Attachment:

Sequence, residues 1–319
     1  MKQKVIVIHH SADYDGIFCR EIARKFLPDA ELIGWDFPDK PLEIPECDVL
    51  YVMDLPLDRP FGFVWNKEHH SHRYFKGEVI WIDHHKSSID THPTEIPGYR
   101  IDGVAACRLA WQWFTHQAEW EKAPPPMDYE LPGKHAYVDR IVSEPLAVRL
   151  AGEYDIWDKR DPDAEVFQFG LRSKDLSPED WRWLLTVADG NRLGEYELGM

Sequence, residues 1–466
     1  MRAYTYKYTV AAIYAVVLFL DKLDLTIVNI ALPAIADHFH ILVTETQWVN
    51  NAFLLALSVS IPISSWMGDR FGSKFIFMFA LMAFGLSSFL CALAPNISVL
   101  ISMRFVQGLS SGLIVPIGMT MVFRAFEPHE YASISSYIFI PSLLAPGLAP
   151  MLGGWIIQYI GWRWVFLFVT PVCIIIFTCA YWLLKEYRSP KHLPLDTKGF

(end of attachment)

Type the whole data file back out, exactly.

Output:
Sequence, residues 1–319
     1  MKQKVIVIHH SADYDGIFCR EIARKFLPDA ELIGWDFPDK PLEIPECDVL
    51  YVMDLPLDRP FGFVWNKEHH SHRYFKGEVI WIDHHKSSID THPTEIPGYR
   101  IDGVAACRLA WQWFTHQAEW EKAPPPMDYE LPGKHAYVDR IVSEPLAVRL
   151  AGEYDIWDKR DPDAEVFQFG LRSKDLSPED WRWLLTVADG NRLGEYELGM

Sequence, residues 1–466
     1  MRAYTYKYTV AAIYAVVLFL DKLDLTIVNI ALPAIADHFH ILVTETQWVN
    51  NAFLLALSVS IPISSWMGDR FGSKFIFMFA LMAFGLSSFL CALAPNISVL
   101  ISMRFVQGLS SGLIVPIGMT MVFRAFEPHE YASISSYIFI PSLLAPGLAP
   151  MLGGWIIQYI GWRWVFLFVT PVCIIIFTCA YWLLKEYRSP KHLPLDTKGF